United States of America, Appellant, v. John & Patricia Forma, Appellees, 42 F.3d 759 (2d Cir. 1994)Annotate this Case
Argued Sept. 19, 1994. Decided Dec. 19, 1994
Gabriel W. Gorenstein, Asst. U.S. Atty., New York City (Mary Jo White, U.S. Atty., Steven M. Haber, Asst. U.S. Atty., on the brief), for appellant.
Anthony M. Collura, New York City (Ronald A. Balzano, Silverman, Collura & Chernis, on the brief), for appellees.
Before: PRATT, LEVAL and CALABRESI, Circuit Judges.
CALABRESI, Circuit Judge:
This case presents a modest question: Is tax different? It is well-established that, while a counterclaim by a defendant in response to an original action brought by the Government may be used to set off and thus partially or totally to defeat a recovery by the Government, it cannot support an affirmative recovery on the claim by the defendant unless there is an independent basis for jurisdiction. The defendants here, nevertheless, contend that they should be able to obtain an affirmative recovery from the Government on their counterclaim despite their conceded failure to meet jurisdictional requirements that would permit an independent action. They make this claim, it would seem, because they believe that tax is different. We acknowledge that tax is different, but not in ways that would avail them in this case.
In an action brought by the Government in the United States District Court for the Southern District of New York (Robert W. Sweet, Judge) to recover tax deficiencies, the defendants John and Patricia Forma won a judgment against the Government of $124,324 on their counterclaim. The Government appeals, contending primarily that, to the extent the counterclaim sought an affirmative award (as opposed to a set off reducing any award to the Government on its original claims), the District Court lacked subject matter jurisdiction. We agree, and we therefore vacate the judgments entered against the Government.
This dispute dates back to the early 1980s when the Internal Revenue Service ("IRS") determined that John and Patricia Forma had failed to pay certain income taxes for the 1977 and 1978 tax years. Accordingly, the IRS made four assessments against the Formas totalling nearly $250,000.1
In the six-year statutory administrative collection period which followed, see 26 U.S.C. § 6502(a) (1) (1988),2 the IRS collected nearly $150,000 of the $250,000 assessed. During this period, the Formas apparently made no claim that they did not owe the taxes assessed against them. Specifically, the Formas neither contested the assessments in the Tax Court, nor did they opt to pay the assessed taxes in full and then file an administrative refund claim with the IRS or an independent refund suit in the District Court.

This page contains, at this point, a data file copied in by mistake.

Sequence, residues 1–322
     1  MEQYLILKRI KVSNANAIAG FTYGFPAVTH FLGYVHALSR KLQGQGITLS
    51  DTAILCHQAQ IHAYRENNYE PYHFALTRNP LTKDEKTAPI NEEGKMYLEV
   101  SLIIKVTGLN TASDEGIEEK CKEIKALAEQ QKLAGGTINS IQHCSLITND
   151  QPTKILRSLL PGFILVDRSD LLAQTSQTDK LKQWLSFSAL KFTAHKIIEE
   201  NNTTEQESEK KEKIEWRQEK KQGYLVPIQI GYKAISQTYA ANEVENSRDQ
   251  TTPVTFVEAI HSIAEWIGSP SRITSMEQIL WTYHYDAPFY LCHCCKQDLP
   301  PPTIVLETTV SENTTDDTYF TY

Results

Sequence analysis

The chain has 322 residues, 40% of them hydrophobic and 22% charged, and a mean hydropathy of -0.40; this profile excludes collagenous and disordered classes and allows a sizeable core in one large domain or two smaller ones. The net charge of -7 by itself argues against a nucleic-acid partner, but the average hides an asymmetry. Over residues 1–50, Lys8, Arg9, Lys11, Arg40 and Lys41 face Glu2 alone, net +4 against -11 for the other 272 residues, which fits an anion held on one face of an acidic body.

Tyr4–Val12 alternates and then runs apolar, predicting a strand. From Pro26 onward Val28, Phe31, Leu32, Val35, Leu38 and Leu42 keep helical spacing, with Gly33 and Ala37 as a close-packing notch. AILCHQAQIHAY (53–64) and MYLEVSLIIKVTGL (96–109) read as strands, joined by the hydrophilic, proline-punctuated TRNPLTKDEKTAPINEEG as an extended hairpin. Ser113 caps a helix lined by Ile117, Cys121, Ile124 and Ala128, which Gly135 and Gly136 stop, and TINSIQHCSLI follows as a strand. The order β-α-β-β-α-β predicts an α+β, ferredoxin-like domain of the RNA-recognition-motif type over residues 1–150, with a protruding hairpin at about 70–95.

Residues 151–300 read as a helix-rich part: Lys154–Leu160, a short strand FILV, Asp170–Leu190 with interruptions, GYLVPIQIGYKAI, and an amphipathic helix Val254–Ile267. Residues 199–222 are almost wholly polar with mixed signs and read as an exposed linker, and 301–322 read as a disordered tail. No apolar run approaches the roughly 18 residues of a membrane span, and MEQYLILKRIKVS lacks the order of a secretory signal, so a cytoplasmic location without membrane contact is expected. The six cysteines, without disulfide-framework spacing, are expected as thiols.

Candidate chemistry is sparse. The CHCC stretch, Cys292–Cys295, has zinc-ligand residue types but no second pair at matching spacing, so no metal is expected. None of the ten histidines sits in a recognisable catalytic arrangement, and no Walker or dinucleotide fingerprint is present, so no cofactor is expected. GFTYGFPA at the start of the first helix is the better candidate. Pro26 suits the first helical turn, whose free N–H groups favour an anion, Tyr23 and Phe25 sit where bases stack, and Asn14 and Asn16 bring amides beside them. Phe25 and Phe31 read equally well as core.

In September 1988, having been unable to collect the full amount of the assessed taxes through administrative efforts, the Government filed this action against the Formas in the District Court and sought to reduce the four assessments to judgment. In the course of discovery, the Formas uncovered what appeared to be procedural irregularities in the assessments. According to the Formas, these alleged procedural irregularities--the failure to record the assessments against John Forma and the failure to send deficiency notices--rendered the assessments invalid and unenforceable. On this basis, the Formas moved to dismiss the Government's action. The Government cross-moved for summary judgment, asserting that all four assessments had been properly recorded and that John Forma had waived the deficiency-notice requirement by executing an IRS Form 870 for each assessment. In November 1989, the District Court ruled that factual disputes over whether John Forma had executed waivers for each assessment precluded the entry of judgment for either party at that time.3
Subsequently, in October 1990, the Formas filed an amended answer, which included a counterclaim seeking a return of the nearly $150,000 the Government had already collected on the disputed assessments.4 Thereafter, the Special Assistant United States Attorney ("SAUSA") who was handling this case for the Government, apparently discouraged by his inability to obtain documents from the IRS that he considered necessary, agreed with the Formas to a dismissal of all claims without prejudice, subject to reinstatement by either party.
After some delay, the Formas moved to reinstate their counterclaim. The SAUSA did not oppose the Formas' motion, nor did he seek to reinstate the Government's original claim. Moreover, after the District Court approved the reinstatement of the Formas' counterclaim, the SAUSA failed to file a timely response. The Formas then sought a default judgment against the Government, which the SAUSA apparently did not oppose. As a result, in June of 1991, the District Court entered a judgment formally dismissing with prejudice the Government's main suit and granting the Formas a default award against the Government for $158,262.90 plus interest.5 According to the District Court, this represented a "refund to [the Formas of] the sum of all amounts collected from them in furtherance of the disputed assessments." Judgment of District Court at 3, United States v. Forma, No. 88 Civ. 6458 (S.D.N.Y. June 4, 1991).